On display in our Temporary Exhibits area from February through May 2018, visitors had the opportunity to explore the Japanese American incarceration experience through archaeological findings from Colorado.
The objects in this exhibit, recovered during archaeological field work at Amache, encourage dialogue about this history. This exhibit was created by the Denver University (DU) Amache Project, engaging students, scholars, and community members in collaboration to research, interpret and preserve the tangible history of Amache. Colorado’s tenth largest city during World War Two was Amache, a one-mile square incarceration facility surrounded by barbed wire, guard towers, and the scrub of the High Plains. Over the course of three years, over 10,000 Americans of Japanese ancestry lived there, yet their experience is muted in our national discourse.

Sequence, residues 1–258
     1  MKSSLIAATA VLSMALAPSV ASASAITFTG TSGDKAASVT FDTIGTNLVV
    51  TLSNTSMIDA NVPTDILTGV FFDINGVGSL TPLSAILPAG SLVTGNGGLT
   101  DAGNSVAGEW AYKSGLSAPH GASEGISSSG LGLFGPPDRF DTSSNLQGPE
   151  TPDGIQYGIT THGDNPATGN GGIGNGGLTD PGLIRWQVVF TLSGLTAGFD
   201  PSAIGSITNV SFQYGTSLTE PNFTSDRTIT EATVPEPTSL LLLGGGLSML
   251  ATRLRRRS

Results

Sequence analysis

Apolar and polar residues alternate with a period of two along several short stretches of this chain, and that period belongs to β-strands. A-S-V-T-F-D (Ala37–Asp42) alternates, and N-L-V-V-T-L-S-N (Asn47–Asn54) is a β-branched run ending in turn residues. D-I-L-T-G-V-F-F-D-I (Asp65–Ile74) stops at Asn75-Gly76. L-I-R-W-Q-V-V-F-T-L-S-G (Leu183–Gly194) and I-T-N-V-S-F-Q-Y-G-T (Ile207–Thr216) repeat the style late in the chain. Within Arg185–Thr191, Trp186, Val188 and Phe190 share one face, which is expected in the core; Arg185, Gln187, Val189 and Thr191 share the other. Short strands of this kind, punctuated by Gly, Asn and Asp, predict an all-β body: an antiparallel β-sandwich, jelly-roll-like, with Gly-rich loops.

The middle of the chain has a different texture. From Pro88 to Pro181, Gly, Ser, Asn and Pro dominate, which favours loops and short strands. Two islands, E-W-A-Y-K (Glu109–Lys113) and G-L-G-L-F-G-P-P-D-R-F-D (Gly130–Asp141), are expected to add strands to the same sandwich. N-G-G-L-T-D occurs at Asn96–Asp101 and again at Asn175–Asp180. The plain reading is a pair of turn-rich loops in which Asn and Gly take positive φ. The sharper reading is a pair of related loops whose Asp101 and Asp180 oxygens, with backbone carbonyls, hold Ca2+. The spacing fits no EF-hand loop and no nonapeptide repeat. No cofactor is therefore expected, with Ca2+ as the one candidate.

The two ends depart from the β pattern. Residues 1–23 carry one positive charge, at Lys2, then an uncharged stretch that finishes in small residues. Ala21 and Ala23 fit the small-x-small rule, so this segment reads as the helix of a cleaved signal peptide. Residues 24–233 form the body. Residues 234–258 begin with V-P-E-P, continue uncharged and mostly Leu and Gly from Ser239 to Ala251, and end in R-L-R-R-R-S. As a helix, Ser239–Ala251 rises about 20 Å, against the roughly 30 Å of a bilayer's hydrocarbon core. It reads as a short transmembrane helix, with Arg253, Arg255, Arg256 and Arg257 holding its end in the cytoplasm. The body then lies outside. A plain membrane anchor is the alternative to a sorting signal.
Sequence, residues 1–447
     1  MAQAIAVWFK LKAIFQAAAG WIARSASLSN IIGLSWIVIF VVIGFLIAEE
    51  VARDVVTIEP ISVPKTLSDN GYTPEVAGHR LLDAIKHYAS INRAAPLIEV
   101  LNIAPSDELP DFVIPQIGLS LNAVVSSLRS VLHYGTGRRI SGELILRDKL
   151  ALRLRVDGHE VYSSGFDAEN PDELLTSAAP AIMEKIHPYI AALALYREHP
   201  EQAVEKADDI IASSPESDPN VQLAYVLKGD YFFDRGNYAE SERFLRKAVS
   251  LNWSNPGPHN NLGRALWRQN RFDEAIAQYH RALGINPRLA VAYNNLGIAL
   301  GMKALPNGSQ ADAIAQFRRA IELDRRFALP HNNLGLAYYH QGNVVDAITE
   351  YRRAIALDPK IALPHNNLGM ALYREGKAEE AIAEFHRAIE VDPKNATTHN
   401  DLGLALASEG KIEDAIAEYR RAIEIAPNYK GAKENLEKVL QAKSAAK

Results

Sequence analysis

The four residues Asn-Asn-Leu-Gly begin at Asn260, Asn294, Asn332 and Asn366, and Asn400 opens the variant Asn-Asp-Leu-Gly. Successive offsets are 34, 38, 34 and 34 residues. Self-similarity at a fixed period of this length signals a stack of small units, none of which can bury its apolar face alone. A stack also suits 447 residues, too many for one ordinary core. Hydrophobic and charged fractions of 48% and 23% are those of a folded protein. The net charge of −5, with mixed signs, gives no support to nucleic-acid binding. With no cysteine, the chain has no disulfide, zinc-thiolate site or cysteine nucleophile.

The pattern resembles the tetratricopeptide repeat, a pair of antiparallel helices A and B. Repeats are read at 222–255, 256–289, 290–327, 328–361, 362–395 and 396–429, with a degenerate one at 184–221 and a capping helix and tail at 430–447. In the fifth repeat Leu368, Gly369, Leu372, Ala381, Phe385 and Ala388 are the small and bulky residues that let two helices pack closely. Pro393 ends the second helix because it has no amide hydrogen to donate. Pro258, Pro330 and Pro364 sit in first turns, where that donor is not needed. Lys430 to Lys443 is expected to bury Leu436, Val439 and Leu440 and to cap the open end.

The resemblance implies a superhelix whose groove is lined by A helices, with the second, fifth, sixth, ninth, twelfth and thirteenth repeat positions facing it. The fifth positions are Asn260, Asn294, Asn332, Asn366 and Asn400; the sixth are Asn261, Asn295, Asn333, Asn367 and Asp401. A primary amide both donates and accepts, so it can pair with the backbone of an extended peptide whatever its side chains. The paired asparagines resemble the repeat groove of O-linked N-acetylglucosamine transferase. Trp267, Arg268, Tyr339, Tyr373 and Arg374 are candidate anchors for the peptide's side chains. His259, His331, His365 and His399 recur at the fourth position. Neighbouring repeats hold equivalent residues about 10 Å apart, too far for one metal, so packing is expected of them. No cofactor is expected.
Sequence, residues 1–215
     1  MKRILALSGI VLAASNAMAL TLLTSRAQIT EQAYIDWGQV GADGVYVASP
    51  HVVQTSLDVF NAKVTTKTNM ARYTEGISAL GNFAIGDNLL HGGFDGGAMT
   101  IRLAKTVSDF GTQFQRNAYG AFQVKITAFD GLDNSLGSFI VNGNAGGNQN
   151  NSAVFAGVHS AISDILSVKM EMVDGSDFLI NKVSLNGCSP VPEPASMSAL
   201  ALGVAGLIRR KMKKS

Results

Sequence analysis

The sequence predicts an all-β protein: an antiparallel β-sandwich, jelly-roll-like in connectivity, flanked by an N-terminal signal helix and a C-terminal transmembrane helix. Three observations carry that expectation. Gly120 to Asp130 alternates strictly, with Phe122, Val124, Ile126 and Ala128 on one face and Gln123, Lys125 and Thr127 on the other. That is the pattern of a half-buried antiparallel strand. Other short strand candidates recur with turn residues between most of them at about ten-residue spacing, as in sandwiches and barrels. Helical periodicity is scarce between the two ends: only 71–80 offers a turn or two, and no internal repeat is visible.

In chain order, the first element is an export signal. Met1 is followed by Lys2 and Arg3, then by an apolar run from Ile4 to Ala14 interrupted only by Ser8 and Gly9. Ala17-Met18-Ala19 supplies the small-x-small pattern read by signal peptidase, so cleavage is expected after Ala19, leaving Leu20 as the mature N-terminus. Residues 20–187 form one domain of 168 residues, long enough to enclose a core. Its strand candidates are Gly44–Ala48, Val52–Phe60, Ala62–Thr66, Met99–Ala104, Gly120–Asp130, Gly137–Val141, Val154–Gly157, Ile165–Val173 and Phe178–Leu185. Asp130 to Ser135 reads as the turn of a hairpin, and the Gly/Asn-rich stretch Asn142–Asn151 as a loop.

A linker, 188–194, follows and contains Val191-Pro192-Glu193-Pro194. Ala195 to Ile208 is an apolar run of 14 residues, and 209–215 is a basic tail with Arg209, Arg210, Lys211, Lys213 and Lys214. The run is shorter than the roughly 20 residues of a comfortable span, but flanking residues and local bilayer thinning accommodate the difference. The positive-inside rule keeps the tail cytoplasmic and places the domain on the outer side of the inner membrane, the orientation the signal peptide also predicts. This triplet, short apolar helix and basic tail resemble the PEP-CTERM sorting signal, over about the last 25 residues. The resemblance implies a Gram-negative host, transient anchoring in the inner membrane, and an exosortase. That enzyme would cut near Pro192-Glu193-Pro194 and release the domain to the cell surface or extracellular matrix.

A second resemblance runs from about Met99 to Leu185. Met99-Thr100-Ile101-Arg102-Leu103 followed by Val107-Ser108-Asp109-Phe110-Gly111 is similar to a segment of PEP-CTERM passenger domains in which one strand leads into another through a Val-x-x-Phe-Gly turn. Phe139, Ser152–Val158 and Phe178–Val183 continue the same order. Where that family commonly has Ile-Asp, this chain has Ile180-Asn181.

For more information about this ongoing project, visit their website HERE.
Exhibit organized by the DU Amache Project in collaboration with the University of Denver Museum of Anthropology. Funded in part by a State Historical Fund grant from History Colorado.